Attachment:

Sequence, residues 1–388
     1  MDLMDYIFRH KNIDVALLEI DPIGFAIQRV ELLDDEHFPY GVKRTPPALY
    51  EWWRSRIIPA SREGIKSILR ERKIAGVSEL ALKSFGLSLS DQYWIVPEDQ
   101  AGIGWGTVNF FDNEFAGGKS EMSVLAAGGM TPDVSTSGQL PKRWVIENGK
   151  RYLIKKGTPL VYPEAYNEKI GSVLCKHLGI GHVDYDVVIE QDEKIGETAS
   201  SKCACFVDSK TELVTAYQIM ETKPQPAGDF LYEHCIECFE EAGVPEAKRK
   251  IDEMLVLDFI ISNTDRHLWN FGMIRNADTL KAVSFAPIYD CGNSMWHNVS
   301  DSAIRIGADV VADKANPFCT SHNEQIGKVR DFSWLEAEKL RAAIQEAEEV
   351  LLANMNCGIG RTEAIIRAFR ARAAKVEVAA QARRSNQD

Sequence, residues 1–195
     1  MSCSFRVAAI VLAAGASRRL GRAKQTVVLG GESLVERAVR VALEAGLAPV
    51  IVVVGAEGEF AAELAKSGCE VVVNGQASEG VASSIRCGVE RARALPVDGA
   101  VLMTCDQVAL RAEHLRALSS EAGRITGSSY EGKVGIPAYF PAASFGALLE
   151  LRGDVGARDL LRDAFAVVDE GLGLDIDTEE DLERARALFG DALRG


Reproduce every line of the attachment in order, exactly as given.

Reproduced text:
Sequence, residues 1–388
     1  MDLMDYIFRH KNIDVALLEI DPIGFAIQRV ELLDDEHFPY GVKRTPPALY
    51  EWWRSRIIPA SREGIKSILR ERKIAGVSEL ALKSFGLSLS DQYWIVPEDQ
   101  AGIGWGTVNF FDNEFAGGKS EMSVLAAGGM TPDVSTSGQL PKRWVIENGK
   151  RYLIKKGTPL VYPEAYNEKI GSVLCKHLGI GHVDYDVVIE QDEKIGETAS
   201  SKCACFVDSK TELVTAYQIM ETKPQPAGDF LYEHCIECFE EAGVPEAKRK
   251  IDEMLVLDFI ISNTDRHLWN FGMIRNADTL KAVSFAPIYD CGNSMWHNVS
   301  DSAIRIGADV VADKANPFCT SHNEQIGKVR DFSWLEAEKL RAAIQEAEEV
   351  LLANMNCGIG RTEAIIRAFR ARAAKVEVAA QARRSNQD

Sequence, residues 1–195
     1  MSCSFRVAAI VLAAGASRRL GRAKQTVVLG GESLVERAVR VALEAGLAPV
    51  IVVVGAEGEF AAELAKSGCE VVVNGQASEG VASSIRCGVE RARALPVDGA
   101  VLMTCDQVAL RAEHLRALSS EAGRITGSSY EGKVGIPAYF PAASFGALLE
   151  LRGDVGARDL LRDAFAVVDE GLGLDIDTEE DLERARALFG DALRG